The best of the domestic talent reviewed...
Veto at G! Festival

“If you build it, they will come,” so whispered the sinister voice in Field of Dreams. And so it was that G! Festival was launched for that very same reason in 2002: to help promote the music produced by the people of the Faroe Islands.

The event itself has become an annual beacon attracting the attention of international press, albeit mostly those from Scandinavia, and has succeeded in helping to export a thriving musical community rich in diversity and talent.

The mystical, rugged Faroe Islands are situated between Scotland and Iceland, emerald green hunks of rock that jut out of the sea with breathtaking majesty. With host town Göta – population 1,100 – over an hour’s drive away from the only airport, this has to be one of the most remote and scenic festivals on earth.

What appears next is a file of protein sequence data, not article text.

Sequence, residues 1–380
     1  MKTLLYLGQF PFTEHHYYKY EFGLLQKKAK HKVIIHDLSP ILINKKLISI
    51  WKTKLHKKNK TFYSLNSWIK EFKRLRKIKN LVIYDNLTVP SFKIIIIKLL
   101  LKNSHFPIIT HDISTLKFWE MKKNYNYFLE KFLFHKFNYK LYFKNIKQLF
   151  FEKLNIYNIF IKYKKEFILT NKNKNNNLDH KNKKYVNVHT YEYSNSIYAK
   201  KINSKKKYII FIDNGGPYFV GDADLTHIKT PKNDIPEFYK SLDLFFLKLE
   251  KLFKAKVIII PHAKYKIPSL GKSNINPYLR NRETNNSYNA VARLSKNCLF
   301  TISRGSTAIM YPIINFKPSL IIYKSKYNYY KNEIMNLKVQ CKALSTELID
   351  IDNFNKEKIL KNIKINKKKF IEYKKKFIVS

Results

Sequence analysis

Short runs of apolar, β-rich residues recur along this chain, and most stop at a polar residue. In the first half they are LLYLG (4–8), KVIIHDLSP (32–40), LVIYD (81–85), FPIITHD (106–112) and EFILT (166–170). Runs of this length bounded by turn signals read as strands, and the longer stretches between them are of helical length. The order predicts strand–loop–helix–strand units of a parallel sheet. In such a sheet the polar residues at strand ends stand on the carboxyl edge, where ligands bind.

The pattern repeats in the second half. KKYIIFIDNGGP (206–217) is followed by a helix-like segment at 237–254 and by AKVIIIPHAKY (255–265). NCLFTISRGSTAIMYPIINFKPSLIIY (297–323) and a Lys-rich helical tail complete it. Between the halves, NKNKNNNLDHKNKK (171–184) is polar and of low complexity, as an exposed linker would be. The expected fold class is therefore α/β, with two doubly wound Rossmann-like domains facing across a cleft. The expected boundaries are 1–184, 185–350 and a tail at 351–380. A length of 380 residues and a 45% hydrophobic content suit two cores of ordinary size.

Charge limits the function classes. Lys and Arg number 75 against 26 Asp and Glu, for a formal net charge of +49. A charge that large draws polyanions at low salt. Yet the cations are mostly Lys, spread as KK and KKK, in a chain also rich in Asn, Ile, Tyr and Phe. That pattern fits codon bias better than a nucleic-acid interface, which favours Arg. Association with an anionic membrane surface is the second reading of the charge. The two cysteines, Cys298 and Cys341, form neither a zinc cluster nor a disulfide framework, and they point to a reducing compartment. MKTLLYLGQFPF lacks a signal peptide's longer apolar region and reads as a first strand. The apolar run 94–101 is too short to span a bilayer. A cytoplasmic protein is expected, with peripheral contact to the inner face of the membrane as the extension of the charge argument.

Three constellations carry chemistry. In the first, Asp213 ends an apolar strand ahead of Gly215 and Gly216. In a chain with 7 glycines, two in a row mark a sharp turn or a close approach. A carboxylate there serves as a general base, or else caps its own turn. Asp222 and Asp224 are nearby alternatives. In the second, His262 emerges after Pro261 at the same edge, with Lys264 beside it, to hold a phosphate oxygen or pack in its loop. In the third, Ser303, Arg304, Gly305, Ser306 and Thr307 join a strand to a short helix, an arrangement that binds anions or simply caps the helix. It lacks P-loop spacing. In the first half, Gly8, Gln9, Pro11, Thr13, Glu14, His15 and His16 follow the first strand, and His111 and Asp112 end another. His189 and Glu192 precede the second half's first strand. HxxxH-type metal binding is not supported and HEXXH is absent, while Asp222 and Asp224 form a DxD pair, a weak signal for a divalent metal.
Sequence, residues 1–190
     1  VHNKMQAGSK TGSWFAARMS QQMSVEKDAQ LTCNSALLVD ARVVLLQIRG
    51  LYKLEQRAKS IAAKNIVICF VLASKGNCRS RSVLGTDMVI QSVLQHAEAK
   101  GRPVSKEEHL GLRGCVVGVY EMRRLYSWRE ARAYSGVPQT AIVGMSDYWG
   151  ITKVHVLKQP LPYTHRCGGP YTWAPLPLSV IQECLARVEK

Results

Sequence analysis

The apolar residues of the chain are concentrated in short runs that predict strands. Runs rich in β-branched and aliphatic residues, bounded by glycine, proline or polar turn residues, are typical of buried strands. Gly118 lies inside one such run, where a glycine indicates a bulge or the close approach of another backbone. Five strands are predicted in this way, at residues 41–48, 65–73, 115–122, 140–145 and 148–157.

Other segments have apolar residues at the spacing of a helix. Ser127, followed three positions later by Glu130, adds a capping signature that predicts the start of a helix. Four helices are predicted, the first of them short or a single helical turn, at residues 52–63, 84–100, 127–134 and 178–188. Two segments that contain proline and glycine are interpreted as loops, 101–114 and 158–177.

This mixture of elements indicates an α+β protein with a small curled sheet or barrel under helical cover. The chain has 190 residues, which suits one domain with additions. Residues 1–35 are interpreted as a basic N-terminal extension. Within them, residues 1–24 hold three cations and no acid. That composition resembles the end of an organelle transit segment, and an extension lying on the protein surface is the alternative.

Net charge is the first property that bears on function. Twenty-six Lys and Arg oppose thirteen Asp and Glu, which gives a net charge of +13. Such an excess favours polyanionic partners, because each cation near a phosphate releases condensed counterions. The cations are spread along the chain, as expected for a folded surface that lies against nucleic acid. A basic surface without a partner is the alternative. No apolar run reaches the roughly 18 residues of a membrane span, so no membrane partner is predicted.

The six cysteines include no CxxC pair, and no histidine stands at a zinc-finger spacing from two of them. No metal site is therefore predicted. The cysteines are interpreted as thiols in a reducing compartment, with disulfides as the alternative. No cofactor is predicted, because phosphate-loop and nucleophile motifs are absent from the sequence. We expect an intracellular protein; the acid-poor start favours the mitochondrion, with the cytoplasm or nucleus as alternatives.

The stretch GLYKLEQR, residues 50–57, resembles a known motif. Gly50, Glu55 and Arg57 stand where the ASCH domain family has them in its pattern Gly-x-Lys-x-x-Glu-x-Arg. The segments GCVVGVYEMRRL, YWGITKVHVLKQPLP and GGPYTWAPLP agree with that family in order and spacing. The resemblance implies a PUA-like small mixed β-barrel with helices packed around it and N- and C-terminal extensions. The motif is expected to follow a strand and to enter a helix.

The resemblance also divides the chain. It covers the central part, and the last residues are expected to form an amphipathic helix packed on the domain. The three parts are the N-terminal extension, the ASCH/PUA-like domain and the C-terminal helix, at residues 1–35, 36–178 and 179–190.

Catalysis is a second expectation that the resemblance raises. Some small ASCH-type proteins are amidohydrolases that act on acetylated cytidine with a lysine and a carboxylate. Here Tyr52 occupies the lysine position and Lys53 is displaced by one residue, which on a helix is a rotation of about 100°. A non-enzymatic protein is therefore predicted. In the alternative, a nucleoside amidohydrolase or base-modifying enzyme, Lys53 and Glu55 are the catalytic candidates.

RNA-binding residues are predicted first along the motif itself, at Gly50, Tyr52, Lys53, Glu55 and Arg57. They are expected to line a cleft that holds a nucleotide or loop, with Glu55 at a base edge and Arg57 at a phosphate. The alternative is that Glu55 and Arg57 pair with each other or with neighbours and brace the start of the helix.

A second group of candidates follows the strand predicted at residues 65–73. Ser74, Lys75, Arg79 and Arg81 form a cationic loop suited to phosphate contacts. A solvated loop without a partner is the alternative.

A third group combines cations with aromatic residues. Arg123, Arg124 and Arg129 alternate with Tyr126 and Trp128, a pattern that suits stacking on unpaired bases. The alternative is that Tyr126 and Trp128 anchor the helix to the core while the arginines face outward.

Containing three stages right on the water, the G! Festival experience is one of the most unique anyone is likely to participate in.

There is no corporate sponsorship, and very little in terms of extra frills such as art installations. G! is all the better for it, however, with a solid and eclectic bill of performers, the stunning setting, and the charm of the Faroese people creating one of the most uplifting and individual festivals in existence.

With virtually every genre represented across the three days, a number of musicians popped up time and again. It quickly became apparent that these islands have bred an incestuous music scene, with certain artists being more than happy to spread their love around. This is a community that is happy to get involved, and does everything it can to help each other out.

In the name of research, Clash had the privilege to spend the weekend immersed in this Faroese musical collective, unearthing the gems that may be coming to a town near you in the near future…